Some potential amendments could broaden gun rights and weaken supporters' backing for the overall bill.
One proposal is by Sens. Lindsey Graham, R-S.C., and Mark Begich, D-Alaska, who say it would improve how the federal background check system blocks weapons from going to people with certain mental problems, though critics say it would make it harder in some cases to do so. Another possible amendment would require states to recognize permits for carrying concealed weapons issued by other states.
In Thursday's vote, 50 Democrats and 2 Democratic-leaning independents were joined by 16 Republicans in voting to begin debate on the legislation. Twenty-nine Republicans and two Democrats facing re-election next year in GOP-leaning states voted "no" -- Alaska's Begich and Mark Pryor of Arkansas.
After the roll call, Obama spoke by phone with some Newtown families and said he would "keep fighting for the votes they deserve," said White House spokesman Jay Carney.
The next significant vote is expected next week, when Reid tries adding an amendment expanding background checks less broadly than the legislation being debated. Broadening the system to cover more transactions is the heart of the current effort on guns.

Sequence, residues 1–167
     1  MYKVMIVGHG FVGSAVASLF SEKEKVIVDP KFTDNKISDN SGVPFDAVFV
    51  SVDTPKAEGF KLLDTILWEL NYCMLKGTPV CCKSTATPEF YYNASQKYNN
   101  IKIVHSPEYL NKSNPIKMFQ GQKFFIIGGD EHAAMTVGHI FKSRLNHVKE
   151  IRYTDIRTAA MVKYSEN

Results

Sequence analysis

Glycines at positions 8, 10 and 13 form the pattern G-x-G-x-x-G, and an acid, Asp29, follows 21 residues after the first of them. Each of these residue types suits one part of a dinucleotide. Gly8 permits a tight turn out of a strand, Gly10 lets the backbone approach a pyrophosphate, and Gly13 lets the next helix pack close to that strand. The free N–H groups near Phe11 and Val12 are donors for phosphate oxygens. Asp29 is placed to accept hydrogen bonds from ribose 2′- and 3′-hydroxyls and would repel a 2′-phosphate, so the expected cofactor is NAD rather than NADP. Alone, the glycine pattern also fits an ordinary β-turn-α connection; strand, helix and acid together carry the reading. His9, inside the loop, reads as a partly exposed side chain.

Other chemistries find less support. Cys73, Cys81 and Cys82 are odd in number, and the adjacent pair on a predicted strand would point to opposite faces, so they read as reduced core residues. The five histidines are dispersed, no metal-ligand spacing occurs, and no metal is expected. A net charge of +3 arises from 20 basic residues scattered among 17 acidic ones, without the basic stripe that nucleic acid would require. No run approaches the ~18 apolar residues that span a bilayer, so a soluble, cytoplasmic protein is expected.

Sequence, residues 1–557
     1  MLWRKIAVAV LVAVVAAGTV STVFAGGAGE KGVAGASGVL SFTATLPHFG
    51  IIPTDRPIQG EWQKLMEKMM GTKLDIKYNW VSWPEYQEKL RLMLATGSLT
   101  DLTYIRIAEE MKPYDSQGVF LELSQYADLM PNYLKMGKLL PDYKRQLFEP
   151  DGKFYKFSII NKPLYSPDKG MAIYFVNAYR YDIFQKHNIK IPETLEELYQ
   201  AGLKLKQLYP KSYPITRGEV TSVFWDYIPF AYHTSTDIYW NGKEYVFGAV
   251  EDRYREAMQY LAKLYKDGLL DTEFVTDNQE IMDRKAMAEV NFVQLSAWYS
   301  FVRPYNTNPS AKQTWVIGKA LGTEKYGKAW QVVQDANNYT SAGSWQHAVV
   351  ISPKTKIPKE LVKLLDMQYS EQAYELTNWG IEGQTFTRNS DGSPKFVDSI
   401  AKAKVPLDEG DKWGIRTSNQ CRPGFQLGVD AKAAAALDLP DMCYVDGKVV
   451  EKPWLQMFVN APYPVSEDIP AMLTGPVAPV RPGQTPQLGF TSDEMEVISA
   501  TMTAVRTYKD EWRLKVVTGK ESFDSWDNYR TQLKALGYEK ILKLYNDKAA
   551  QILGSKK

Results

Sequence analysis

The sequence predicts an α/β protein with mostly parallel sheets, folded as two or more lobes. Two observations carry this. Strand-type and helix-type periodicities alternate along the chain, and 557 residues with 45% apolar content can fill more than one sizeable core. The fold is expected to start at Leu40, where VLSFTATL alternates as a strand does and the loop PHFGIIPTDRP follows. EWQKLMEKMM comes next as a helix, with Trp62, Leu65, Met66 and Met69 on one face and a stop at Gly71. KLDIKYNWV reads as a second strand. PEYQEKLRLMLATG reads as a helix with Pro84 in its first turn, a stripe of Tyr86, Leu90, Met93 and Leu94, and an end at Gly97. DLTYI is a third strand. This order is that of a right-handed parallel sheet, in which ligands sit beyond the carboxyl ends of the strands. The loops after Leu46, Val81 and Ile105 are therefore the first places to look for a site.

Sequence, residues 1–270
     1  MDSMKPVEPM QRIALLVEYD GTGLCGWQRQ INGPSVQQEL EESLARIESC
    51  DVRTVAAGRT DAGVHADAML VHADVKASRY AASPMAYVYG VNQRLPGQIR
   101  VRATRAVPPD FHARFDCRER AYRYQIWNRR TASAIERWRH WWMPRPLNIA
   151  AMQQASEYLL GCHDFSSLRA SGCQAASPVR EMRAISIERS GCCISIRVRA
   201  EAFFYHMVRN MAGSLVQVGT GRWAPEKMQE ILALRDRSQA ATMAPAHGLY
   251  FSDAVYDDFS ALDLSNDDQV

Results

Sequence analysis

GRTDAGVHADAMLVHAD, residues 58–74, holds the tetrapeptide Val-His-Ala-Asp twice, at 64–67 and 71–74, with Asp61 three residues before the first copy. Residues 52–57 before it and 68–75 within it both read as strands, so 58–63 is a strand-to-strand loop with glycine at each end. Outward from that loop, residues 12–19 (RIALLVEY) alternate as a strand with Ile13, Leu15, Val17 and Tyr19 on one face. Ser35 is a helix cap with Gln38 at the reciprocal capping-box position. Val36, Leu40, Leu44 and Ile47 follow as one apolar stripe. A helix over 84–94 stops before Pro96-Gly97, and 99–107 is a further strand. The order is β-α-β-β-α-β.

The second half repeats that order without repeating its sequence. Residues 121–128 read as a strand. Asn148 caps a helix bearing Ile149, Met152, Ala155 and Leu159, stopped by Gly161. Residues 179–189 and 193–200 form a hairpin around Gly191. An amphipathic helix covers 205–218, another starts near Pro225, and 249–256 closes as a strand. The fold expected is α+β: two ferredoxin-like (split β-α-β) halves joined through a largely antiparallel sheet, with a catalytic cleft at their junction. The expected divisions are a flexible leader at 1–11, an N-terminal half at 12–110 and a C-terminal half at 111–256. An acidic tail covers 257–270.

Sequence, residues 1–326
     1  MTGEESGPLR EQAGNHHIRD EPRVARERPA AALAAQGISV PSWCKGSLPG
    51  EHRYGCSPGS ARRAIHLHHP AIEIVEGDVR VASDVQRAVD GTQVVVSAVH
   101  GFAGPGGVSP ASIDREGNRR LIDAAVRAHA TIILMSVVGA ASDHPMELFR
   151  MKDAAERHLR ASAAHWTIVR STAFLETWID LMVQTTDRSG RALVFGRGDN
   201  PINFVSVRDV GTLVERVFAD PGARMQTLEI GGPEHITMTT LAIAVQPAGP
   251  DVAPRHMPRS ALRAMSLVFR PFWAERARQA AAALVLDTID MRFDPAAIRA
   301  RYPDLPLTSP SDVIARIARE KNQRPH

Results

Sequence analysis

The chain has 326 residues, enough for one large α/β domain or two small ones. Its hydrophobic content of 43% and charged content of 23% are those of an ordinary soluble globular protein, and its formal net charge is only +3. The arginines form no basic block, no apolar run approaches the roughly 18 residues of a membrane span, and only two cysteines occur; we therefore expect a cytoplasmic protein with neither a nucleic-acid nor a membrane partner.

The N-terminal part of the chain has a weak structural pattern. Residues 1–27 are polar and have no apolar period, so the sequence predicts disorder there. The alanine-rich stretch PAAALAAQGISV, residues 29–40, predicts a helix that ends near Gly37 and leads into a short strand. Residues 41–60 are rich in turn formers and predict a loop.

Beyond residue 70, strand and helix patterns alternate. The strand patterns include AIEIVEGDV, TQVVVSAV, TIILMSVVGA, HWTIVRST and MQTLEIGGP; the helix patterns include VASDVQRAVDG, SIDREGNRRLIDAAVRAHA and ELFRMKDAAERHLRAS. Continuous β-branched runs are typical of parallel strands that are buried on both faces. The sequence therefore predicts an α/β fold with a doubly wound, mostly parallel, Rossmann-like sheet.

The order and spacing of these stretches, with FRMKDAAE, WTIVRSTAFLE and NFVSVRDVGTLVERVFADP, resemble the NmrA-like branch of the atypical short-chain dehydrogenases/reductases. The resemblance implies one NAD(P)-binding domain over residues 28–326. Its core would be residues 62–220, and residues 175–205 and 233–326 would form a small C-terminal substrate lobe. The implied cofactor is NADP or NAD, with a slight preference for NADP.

That amendment, a compromise between Sens. Patrick Toomey, R-Pa., and Joe Manchin, D-W.Va., would subject buyers in commercial settings like gun shows and the Internet to the checks but exempt non-commercial transactions like sales between friends and relatives.
That accord, unveiled Wednesday, was designed to build bipartisan support for the legislation and seemed likely to do so. Toomey and Manchin are among the most conservative members of their parties and are both gun owners with NRA ratings of "A."
Toomey said Thursday he believes supporters of his compromise with Manchin would be able to beat back any filibuster attempt.
"Beyond that, I just don't know yet," he said on "CBS This Morning."
Gun-control groups have embraced the Manchin-Toomey compromise with varying degrees of enthusiasm, and they continued to applaud it Thursday -- while also expressing concerns about some provisions.
Besides the exemption for private sales, gun control advocates expressed displeasure with language letting gun dealers sell handguns to out-of-state customers, exempting some holders of permits for concealed weapons from background checks and shielding individuals who sell guns from some negligence lawsuits.
"We are optimistic that this bill will make a dramatic difference in reducing gun violence," said Dan Gross, president of the Brady Campaign to Prevent Gun Violence.
The NRA said it opposed the Manchin-Toomey compromise and warned senators that it would count votes on provisions it opposes in its evaluation of candidates that it provides its members, who the organization says number nearly 5 million.Associated Press writers Erica Werner, Charles Babington and Laurie Kellman contributed to this report.